When was the last time you stayed up to finish a book because you simply could not put it down? For me, that luxury has taken a back seat since my children arrived on the scene. Riding the Samoosa Express changed that. This book is an anthology of real life stories exploring issues of marriage, love, loss, birth, family life, culture, education, politics and freedom – amongst other issues faced by women in South Africa. These wonderful ladies come from all walks of life, and some stories even take us right back to the Apartheid era.
The book gets its name in part from an interesting pre-marriage ritual practised in some parts of South Africa. The ‘Samoosa Run’, as it is called, is when a suitor arranges to meet a number of prospective brides and their parents. According to the custom, the prospective wife would come out and serve tea and so the suitor would get his first glimpse of her. The ‘Samoosa Run’ or ‘Express’ is usually done over a weekend with the groom visiting a few houses before making his final decision.
Edited and compiled by Zaheera Jina and Hasina Asvat, the pair makes it quite clear that the book is not a research project nor does it make any points or arguments in relation to women. Instead, this book is a personal and brutally honest account of South African Muslim women and their journey towards self-discovery, despite the challenges they have to endure. Its central theme centres on marriage and the various facets which surround this rite of passage. It is not necessarily though an anthology about marriage.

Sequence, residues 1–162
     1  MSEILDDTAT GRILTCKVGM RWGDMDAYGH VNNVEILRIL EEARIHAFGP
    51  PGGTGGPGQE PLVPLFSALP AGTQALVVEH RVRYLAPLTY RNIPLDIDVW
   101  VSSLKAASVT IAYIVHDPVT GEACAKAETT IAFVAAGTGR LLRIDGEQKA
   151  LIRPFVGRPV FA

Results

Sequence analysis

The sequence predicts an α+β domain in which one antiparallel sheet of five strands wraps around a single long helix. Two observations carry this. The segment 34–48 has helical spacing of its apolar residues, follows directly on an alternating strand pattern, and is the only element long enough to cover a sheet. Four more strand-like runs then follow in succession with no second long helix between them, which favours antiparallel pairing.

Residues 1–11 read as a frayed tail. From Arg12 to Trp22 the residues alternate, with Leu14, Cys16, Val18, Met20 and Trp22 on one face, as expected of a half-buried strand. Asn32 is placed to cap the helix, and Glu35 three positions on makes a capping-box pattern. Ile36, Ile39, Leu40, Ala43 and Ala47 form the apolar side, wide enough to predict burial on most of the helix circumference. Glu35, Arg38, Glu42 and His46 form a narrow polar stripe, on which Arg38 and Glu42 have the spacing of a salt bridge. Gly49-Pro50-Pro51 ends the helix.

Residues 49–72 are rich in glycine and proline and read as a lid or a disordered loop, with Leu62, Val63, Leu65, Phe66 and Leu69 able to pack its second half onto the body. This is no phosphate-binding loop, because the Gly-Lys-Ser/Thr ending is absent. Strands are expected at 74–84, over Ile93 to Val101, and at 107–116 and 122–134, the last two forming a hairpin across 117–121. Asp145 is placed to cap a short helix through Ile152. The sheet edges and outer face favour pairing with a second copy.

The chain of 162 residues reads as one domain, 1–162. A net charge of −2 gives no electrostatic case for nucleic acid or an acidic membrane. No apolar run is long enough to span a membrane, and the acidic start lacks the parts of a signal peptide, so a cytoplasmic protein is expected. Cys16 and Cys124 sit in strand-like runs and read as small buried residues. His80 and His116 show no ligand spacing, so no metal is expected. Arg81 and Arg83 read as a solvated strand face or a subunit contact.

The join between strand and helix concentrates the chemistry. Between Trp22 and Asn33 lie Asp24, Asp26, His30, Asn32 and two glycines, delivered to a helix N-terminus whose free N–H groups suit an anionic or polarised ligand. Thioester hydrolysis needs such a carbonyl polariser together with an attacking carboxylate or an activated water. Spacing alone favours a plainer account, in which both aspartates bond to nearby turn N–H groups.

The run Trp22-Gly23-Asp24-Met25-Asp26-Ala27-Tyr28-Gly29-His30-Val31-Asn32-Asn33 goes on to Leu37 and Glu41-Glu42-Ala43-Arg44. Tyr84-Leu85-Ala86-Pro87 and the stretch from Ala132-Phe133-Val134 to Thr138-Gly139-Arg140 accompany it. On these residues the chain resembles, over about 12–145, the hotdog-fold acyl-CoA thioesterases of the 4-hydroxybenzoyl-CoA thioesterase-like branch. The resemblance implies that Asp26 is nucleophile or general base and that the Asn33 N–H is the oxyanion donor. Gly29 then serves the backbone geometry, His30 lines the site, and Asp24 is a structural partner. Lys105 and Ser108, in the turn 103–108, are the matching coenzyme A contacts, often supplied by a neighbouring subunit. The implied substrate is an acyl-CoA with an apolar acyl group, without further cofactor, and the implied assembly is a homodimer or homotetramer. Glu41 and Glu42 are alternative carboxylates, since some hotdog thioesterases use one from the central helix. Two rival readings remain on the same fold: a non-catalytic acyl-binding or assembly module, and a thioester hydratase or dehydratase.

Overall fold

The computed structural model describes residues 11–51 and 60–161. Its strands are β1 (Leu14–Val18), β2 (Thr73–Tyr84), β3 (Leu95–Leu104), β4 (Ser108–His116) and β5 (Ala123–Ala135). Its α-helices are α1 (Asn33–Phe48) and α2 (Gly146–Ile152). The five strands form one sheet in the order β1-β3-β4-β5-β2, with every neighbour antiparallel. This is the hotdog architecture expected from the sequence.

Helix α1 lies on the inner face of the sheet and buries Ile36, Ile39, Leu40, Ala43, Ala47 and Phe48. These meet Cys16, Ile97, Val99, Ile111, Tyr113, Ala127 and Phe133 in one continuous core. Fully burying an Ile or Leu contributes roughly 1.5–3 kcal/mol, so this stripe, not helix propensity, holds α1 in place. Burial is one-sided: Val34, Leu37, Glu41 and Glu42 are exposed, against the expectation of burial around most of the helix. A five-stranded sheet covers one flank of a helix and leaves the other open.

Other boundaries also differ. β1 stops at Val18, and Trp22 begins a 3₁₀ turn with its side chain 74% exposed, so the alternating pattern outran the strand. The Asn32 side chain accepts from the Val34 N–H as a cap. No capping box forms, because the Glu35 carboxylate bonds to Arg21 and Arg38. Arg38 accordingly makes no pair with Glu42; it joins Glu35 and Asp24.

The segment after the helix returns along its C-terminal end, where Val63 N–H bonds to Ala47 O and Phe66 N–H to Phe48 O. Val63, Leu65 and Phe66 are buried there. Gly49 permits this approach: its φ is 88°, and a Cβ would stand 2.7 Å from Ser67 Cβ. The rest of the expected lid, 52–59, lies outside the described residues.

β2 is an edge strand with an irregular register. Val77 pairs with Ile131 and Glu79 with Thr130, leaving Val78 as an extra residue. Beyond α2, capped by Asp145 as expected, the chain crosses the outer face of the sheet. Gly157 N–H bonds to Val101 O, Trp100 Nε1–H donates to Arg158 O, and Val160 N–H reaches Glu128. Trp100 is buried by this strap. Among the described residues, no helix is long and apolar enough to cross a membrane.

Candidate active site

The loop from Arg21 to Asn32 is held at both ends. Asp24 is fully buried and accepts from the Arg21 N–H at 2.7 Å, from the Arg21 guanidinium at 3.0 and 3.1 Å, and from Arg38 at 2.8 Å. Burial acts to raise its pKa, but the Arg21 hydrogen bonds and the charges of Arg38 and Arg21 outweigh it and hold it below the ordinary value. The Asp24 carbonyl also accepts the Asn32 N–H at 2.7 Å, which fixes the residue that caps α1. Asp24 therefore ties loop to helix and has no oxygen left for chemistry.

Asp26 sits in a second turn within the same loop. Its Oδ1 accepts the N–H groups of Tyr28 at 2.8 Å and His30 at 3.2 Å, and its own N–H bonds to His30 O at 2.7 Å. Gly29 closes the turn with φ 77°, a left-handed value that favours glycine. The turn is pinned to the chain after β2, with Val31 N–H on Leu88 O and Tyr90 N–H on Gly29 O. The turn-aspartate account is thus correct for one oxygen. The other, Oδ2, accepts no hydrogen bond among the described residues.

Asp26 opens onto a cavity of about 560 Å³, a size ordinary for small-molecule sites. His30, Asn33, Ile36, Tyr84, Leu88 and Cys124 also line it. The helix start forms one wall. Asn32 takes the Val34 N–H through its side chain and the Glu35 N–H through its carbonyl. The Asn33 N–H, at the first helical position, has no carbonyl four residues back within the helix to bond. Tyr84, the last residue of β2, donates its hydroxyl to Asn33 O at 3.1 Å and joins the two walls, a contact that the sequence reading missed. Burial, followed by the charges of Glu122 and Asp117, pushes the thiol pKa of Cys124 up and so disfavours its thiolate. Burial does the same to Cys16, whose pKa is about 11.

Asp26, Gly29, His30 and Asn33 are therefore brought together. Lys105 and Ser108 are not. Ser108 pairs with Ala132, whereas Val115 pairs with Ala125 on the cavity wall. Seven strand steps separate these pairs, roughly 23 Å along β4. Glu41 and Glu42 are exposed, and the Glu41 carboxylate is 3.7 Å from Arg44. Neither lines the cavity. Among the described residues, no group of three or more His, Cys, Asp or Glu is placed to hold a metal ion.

There is a notion that Muslim women are often seen as voiceless and oppressed, and this book challenges this global ideology. It gives a powerful voice to women who find themselves at various intersections in their lives. Associate Professor Nina Noel at Oslo University’s Faculty of Theology says, “This book is a wonderful portal into the multifaceted lives of South African Muslim women. The narratives invite the reader to enter into the precarious realm of personal and interpersonal – a realm that demands critical attention into contemporary South Africa.”
Riding the Samoosa Express stirred various emotions in me – from anger to bewilderment to shock, sadness and even tears. From challenges with hijab, losing a spouse, divorce, diversity and depression, it is all covered in Riding the Samoosa Express. At times it touches on the impact fathers, brothers and husbands have in the choices we are forced to make as women living in a society that to some extent is patriarchal.
As I read, I felt that I found a little bit of me in most of the stories. I saw many lessons in the stories, which made me introspect my own upbringing. I must admit, some stories sounded tedious and tired, but I think the good ones keeps you interested. The stories will provide you with excellent entertainment value but at the same time, stir your soul with their honesty and vibrancy. A common aspect I found running through all the threads is the immense faith and courage these women had – not only in telling their story, but also in their lives. These women rose above their personal struggles only to become what they needed to be for themselves. I took a lot away from this anthology, and I hope women’s stories continue to make their way to the publishing houses – we really need to hear these lone voices. This book is a wonderful effort by the authors, and it will definitely make a timeless addition to your bookshelf.
Rating: 4 out of 5 stars
The book is available at Modjajibooks.co.za
Fatima Bheekoo Shah is a wife, mother, food blogger, foodie and breastfeeding activist, finally answering her calling to be a writer.